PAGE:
Maine is one of 27 states that allow absentee balloting by mail. Because each state has its own rules for voter registration and ballot access, it’s difficult to compare early voting trends among states.

Some of the voters turning in absentee ballots in Portland and South Portland on Wednesday said they already had made up their minds and had time to get their voting over with so they were doing just that.

Kyle Brundige of Portland, said it was easier for him to get his ballot in early than to figure it out next week. Brundige said he found voting simple and knew that he would be using the ranked-choice voting system in the two federal races on the ballot this year, while he would be selecting only one candidate in the state races.

Both Brundige and South Portland City Councilor Sue Henderson said they wished they could have ranked the candidates in the governor’s race, but that didn’t deter them from making a top pick.

“I think that’s what voters originally wanted (was ranked-choice voting for the governor’s race),” Brundige said.

Henderson, who was turning in her absentee ballot early for the first time said she found the process convenient and easy.

“I liked that,” she said.

South Portland City Clerk Emily Scully said voters were relatively well-informed about the process and that the number turning in ballots before Election Day was up significantly from 2014. As of Wednesday 4,197 South Portland voters had returned their ballots, compared to a total of 3,114 that turned in ballots early in 2014.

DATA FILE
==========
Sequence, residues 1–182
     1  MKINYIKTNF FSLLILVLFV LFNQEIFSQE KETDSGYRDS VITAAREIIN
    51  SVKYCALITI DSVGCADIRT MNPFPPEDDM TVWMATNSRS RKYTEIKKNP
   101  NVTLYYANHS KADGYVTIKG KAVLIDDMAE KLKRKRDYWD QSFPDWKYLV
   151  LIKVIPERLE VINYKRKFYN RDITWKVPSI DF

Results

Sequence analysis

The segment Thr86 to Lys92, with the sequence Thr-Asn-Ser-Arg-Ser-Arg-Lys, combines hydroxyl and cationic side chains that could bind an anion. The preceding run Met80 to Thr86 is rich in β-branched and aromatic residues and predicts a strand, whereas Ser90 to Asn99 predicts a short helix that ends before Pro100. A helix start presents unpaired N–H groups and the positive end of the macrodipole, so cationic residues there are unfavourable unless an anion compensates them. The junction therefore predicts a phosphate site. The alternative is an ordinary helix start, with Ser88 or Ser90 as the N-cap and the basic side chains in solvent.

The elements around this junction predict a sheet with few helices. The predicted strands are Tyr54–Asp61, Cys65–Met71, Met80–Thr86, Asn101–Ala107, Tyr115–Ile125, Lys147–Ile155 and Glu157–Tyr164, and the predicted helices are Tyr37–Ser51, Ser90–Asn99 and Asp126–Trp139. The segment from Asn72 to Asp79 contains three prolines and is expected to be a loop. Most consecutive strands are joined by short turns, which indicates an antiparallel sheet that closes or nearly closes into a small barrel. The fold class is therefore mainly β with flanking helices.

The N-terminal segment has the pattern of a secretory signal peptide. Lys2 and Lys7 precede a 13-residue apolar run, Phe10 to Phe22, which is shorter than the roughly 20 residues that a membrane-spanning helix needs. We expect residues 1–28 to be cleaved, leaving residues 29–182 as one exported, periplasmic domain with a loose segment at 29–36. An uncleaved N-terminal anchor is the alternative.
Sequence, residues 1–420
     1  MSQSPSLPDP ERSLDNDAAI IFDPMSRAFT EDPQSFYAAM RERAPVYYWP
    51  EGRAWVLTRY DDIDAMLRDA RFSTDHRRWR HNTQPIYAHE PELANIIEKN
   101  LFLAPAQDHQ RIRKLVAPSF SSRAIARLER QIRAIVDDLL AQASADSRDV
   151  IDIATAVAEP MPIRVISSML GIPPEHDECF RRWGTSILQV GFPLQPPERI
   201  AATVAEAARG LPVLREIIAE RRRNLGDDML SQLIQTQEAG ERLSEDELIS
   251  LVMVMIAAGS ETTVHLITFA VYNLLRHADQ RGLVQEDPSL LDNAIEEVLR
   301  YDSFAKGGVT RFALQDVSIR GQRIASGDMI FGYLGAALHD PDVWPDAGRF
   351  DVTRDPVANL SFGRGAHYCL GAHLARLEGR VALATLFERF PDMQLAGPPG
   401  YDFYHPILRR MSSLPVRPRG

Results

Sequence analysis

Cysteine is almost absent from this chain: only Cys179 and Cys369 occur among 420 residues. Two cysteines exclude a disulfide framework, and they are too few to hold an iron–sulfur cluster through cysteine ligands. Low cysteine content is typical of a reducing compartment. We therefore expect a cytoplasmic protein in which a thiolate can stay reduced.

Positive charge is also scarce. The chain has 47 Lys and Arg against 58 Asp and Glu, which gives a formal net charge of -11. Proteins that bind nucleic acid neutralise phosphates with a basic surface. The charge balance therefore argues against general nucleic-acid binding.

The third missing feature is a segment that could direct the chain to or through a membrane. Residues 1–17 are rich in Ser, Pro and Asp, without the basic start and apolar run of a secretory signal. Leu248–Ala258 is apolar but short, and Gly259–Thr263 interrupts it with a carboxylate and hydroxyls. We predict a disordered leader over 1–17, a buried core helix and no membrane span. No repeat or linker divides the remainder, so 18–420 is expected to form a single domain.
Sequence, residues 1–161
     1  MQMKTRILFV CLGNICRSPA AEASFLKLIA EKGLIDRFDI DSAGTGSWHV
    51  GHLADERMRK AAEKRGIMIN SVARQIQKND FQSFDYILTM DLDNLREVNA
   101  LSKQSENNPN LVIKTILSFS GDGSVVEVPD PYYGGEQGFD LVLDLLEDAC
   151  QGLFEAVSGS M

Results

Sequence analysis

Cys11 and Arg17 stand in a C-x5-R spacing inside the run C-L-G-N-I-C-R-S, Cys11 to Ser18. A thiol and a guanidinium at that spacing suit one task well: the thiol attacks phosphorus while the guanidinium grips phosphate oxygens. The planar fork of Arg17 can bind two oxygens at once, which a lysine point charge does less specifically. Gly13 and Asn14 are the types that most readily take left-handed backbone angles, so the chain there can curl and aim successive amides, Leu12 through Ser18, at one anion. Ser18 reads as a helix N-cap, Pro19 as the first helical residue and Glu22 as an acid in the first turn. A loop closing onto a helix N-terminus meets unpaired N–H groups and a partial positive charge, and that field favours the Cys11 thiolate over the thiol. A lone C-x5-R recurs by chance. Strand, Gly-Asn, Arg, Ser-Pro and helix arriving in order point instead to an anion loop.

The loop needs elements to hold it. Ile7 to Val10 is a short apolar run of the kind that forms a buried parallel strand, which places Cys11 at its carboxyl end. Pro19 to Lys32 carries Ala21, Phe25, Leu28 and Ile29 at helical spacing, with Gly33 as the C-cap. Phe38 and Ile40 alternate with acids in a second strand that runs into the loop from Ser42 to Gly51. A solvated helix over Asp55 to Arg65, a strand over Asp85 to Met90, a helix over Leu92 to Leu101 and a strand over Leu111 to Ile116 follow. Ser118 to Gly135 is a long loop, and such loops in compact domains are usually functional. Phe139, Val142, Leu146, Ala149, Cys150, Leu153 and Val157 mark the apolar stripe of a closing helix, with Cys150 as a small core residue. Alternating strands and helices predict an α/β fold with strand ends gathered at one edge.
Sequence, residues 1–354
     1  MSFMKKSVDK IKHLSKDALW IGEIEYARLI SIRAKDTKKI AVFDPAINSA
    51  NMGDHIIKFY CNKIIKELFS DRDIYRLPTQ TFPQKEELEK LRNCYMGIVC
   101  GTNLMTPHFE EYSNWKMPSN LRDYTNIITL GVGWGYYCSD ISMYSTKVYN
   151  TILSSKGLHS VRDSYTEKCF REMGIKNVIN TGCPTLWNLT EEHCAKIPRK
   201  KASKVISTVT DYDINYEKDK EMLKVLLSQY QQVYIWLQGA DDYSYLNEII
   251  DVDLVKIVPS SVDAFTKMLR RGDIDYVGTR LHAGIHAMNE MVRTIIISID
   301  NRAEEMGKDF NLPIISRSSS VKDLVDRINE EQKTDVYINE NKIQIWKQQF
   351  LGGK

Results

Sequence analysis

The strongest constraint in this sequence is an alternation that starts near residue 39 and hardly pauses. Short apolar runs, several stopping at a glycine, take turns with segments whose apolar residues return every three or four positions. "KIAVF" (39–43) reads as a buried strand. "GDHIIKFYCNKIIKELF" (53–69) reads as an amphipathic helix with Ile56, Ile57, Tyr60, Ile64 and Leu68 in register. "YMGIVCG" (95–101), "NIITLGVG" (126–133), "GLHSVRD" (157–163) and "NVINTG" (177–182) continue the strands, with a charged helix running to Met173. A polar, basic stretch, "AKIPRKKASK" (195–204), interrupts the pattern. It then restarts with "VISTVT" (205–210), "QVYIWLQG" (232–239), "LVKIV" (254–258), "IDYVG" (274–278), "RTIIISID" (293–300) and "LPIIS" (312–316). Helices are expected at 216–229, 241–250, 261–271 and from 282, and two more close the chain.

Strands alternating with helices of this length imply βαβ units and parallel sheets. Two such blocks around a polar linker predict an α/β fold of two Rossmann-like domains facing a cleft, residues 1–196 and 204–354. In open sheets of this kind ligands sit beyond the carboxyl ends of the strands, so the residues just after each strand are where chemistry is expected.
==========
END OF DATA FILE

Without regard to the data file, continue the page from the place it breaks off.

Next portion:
“This is the highest turnout for a gubernatorial election for absentee voting that we have seen,” she said.

A local referendum that would change the city’s short-term rental ordinances has fueled intense debate in the city, but Scully wasn’t sure if that or some other factor was driving absentee voting.

“It’s really hard to say, and, of course, we don’t ask,” she said.

Absentee voting also was up in some of Maine’s smaller cities and towns, including Westbrook and Waterboro.

As of Wednesday, Waterboro Deputy Town Clerk Christine Torno said just over 1,200 absentee ballots had been requested – more than double the number from the 2016 presidential election.

She said the town encouraged residents to vote by absentee ballot in part because this year’s polling place in the town office is smaller than years past. Still, she predicts she could see nearly 80 percent turnout based on the absentee requests so far.

“It will be a late night,” Torno said.

Westbrook City Clerk Angela Holmes said her staff would start processing ballots on Saturday and Monday. As of Wednesday, the city had received more than 2,700 absentee ballot requests. During the last gubernatorial election, fewer than 1,600 people requested absentee ballots. Westbrook has nearly 13,500 registered voters, which is more than it had during the June primary. Holmes said one-third of Westbrook ballots typically come in early.

“A lot of people who have commented on it have talked about how convenient it is,” she said. “There are so many options that there’s no excuse to not vote if you want to vote.”

Maine Secretary of State Matthew Dunlap expects overall voter turnout to hit 65 percent. Turnout for the last election of a governor in 2014 was 58.5 percent.

Staff Writers Christian MilNeil and Megan Doyle contributed to this report.

Scott Thistle can be contacted at 713-6720 or at: